“Nobody can argue they have more voters,” said Padilla (California had 21.9 million registered voters in October 2022). “Nobody can say ‘we're more diverse than California.’ Nobody. There's no more excuses. It's now just a matter of political will.”
“We've shown that these reforms work. It's good for democracy, good for election security,” he added. “I'm now as a senator trying to engage in this debate, [I’m] one of the few that can talk to every single senator, and answer those questions, explain exactly how it works, and why these are good. And we're going to keep fighting until we once again secure a right to vote in federal law.”
When Padilla takes the oath of office on Jan. 3, he said immigration reform, protecting voting rights, and climate change remain at the forefront. He added that he also wants the federal government to work with state and local officials to address affordable housing and the homelessness crisis that Californians are all too familiar with.
Padilla also promised that Democrats will continue to protect the social safety net.
“Democrats are going to defend Social Security, because it continues to be under attack by Republicans, to say you know, for those who have paid into Social Security or Medicare, we're going to defend those benefits when you're eligible to receive them,” said Padilla. “If fight for those we have to, fight for those we will.”
Padilla spent time on the campaign trail this past fall for both his fellow Californians as well as other candidates such as Senators Michael Bennet, D-Colo, and Mark Kelly, D-Ariz., Both won re-election. Padilla raised over $12 million and has over $7 million still in his war chest.
His name was floated to be the next chair of the Democratic Senatorial Campaign Committee. Sen. Gary Peters, D-Mich., has said he won’t return to the post, and the 2024 election map swings in the GOP’s favor. Majority Leader Chuck Schumer, D-N.Y. has yet to name someone to the position.
A spokesperson for Padilla told the Huffington Post in mid-December he wanted to spend time with his children and was not interested in the post. But when we asked him if Schumer called on him to serve if he would consider it, he demurred.
“I tell Sen. Schumer and I have told him, he needs to talk to my wife about this,” he laughed, adding between growing their family and running for political office, the last 10 years has been a busy time for the Padilla family. “I think my kids deserve for me to have just one full time job at a time and try to get a little bit of a better rhythm and healthier balance, before we take on the next extracurricular activity.”
As for a Biden 2024 re-election campaign, Padilla said he is all in on the commander in chief.
“I've heard President Biden repeatedly say it his intention to run again, and my intention is to support him, to do everything I can to help him get reelected in 2024, to help take back the House, help to keep if not grow our Senate majority, and keep making progress on all the issues that we've been talking about.”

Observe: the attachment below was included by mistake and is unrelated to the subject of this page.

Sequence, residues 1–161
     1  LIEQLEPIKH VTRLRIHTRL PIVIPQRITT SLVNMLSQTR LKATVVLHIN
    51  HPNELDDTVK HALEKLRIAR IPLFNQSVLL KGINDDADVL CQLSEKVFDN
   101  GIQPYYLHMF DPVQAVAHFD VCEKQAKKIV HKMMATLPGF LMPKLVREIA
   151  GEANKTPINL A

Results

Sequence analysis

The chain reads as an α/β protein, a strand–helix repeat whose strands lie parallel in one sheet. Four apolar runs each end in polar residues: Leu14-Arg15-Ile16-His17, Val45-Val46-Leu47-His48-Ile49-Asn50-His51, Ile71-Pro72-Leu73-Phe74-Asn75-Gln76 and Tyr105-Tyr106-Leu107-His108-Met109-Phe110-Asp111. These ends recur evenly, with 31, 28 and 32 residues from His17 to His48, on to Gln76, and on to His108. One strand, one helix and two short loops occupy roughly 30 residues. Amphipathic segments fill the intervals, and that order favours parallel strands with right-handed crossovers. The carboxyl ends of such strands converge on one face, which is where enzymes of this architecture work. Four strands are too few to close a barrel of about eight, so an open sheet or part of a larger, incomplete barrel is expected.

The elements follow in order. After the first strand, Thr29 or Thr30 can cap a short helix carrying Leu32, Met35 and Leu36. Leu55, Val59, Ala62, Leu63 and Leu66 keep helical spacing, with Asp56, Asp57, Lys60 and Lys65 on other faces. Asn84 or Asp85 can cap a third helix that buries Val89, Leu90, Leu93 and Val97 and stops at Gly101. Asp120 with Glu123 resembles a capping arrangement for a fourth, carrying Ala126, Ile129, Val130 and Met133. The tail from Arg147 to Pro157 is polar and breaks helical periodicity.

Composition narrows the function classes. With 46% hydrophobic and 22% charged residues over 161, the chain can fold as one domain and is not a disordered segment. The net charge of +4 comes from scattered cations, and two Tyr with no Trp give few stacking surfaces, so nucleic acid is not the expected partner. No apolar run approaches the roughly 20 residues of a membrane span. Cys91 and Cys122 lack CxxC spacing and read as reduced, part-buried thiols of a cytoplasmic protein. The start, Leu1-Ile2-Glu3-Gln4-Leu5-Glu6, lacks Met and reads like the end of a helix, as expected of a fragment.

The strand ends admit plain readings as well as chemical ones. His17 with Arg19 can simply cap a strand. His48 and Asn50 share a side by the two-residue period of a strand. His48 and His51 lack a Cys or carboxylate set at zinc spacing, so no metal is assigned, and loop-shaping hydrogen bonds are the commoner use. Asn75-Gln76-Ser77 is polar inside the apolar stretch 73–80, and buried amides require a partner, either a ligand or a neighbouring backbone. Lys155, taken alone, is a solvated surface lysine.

As we wrapped up our conversation with Padilla, he was preparing to head back to the Senate floor to vote on the National Defense Authorization Act. He was hoping the Senate would wrap up it’s business by the end of the day so he could catch his flight home to Los Angeles to see his wife and kids. Each weekend he makes the 2,306 mile flight from Washington to LAX to be with his family.
“It is tough [to be away], but worth it given the opportunity to do good in this job,” he explained. “It's the only quiet time I get, the plane ride, because when I'm in Washington, I'm going to go, go, go. When I get home, I try to do as much as I can to help around the house and pack lunches in the morning, take kids to school, and of course, there's sports and other activities over the weekend.”
His sons, Roman, Alex, and Diego range from 7 to 15 years of age; While each of them are starting to understand the importance of their father’s job, they are also influencing how he approaches policy: Padilla, who will celebrate his 50th birthday in March, is one of the youngest senators in the chamber.
“It is a unique opportunity to weigh in on some issues,” said Padilla. “When we talk about childcare, or early childhood education, the importance of vaccines for young people, it's not my grandkids that I'm talking about, like a lot of my colleagues, it's my very own children. So I bring the real world experience of what those costs are, what those struggles are, to the discussion.”
Before he heads to the next Model U.N. event or baseball game, or whatever activity his sons have lined up, he’ll try to catch a nap or read some briefing materials. Or maybe he’ll finally get to crack open a book; his latest read, “Kitchen Confidential” by Anthony Bourdain is one he recommends highly.
But as he prepares to take his oath of office on Jan. 3, he will use his plane ride to reflect on his road to Washington: on the little boy, the son of immigrants, who now inhabits a large Washington office, and is the voice for millions of Californians on Capitol Hill.
“I hope that through my service and how I serve that for a lot of young people, not Alex Padillas, but little girls and boys of every race and color and economic backgrounds, that they can genuinely believe that they can do it.”